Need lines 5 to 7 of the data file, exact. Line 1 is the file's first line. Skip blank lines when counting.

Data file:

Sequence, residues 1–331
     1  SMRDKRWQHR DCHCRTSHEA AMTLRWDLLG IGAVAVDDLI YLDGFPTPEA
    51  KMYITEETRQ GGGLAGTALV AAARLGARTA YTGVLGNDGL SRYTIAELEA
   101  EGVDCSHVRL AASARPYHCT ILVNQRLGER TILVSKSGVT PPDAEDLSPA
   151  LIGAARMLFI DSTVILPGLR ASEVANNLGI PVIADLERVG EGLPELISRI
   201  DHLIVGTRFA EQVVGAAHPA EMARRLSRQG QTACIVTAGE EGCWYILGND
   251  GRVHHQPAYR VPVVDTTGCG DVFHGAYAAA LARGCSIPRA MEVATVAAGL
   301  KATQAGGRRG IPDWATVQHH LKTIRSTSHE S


   151  LIGAARMLFI DSTVILPGLR ASEVANNLGI PVIADLERVG EGLPELISRI
   201  DHLIVGTRFA EQVVGAAHPA EMARRLSRQG QTACIVTAGE EGCWYILGND
   251  GRVHHQPAYR VPVVDTTGCG DVFHGAYAAA LARGCSIPRA MEVATVAAGL